Read it all.

Posted in * Culture-Watch, * Religion News & Commentary, Judaism, Movies & Television, Music, Other Faiths, Religion & Culture

New Search Technology Is Enhanced With Videos

The line between cyberspace and the physical world is blurring with a new search technology being demonstrated by Autonomy, a British software publisher.

The firm is demonstrating a software-based machine-vision recognition system intended for smartphones and tablet computers that embeds images and videos directly on top of the image of a real object on the user’s display.

Today so-called augmented reality is already widely available on both iPhones and Android phones through software applications like Google Goggles. Hundreds of other apps overlay geographical information on smartphone displays.

Read it all.

Posted in * Culture-Watch, Blogging & the Internet, Science & Technology

(CEN) No bishop for Tuam

The March 30 meeting of the Church of Ireland Episcopal Electoral College for the United Diocese of Tuam, Killala and Achonry, meeting at Church House in Armagh was unable to appoint a new bishop for the small rural diocese.

Under the constitution of the Church of Ireland, the appointment of a new bishop rests with the House of Bishops. However, the appointment of a successor for Dr Richard Henderson, who stepped down as bishop last year to take up a parochial cure in Cumbria is uncertain.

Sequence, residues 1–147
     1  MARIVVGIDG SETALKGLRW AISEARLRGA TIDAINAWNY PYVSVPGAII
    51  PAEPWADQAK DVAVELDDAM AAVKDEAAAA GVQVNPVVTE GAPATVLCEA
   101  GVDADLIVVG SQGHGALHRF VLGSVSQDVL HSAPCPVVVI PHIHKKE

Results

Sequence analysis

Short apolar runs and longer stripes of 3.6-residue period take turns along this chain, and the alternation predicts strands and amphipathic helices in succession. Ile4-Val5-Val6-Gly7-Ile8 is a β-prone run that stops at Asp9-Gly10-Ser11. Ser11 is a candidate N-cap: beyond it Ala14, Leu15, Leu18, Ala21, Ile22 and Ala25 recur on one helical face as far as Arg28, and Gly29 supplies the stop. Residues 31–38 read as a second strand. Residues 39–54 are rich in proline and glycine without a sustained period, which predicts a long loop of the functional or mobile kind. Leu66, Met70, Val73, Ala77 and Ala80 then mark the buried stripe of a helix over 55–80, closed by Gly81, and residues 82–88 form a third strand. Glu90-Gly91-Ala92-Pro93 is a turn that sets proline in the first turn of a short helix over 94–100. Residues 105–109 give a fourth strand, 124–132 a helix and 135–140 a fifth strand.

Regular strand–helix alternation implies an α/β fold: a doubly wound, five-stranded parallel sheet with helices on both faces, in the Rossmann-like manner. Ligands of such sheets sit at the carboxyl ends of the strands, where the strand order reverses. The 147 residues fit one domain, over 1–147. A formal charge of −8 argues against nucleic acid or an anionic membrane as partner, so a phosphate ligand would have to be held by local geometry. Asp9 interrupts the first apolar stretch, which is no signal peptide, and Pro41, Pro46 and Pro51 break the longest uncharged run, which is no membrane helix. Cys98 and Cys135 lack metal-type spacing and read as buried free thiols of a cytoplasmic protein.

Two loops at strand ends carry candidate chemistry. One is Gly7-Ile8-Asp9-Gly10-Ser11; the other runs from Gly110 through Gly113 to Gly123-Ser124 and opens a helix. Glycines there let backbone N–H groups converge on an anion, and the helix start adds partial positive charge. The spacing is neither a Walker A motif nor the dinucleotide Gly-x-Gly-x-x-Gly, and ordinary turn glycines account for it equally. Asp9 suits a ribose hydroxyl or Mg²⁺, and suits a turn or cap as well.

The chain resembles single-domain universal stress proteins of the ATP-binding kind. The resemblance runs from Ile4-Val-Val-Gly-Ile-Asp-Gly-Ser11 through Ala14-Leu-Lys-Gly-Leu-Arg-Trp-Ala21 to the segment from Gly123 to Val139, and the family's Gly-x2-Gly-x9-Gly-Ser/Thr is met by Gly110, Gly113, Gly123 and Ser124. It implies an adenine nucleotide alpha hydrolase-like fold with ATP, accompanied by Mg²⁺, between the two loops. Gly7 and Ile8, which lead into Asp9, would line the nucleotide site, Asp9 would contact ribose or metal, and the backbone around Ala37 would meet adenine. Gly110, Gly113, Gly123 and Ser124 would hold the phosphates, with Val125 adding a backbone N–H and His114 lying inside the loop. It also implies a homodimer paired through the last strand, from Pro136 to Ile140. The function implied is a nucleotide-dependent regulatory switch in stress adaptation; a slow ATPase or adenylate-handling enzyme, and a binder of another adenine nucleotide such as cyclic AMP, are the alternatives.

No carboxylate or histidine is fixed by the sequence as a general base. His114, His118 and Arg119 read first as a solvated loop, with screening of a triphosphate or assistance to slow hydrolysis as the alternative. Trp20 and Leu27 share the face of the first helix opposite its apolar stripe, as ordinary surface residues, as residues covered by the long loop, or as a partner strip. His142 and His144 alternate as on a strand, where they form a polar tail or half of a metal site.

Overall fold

Read it all.

Posted in * Anglican - Episcopal, Anglican Provinces, Church of Ireland

(Church Times) C of E prays for faithful royal marriage

On its website this week, the Church of England posted a prayer (below) for Prince William and Catherine Middleton and other couples preparing to be married, as well as an online video to promote church weddings.
The prayer “can be used in private prayer, in groups or within public worship”, a Church House statement said. The prayer asks that God will “look in favour on William and Catherine and all who are made one in marriage . . . deepen their love and strengthen their wills to keep the promises they will make”.

Read it all.

Posted in * Anglican - Episcopal, * Christian Life / Church Life, * Culture-Watch, * Economics, Politics, * International News & Commentary, Anglican Provinces, Church of England (CoE), England / UK, Politics in General, Religion & Culture, Spirituality/Prayer

William Oddie–How the Ordinariate could influence liturgical developments in Catholicism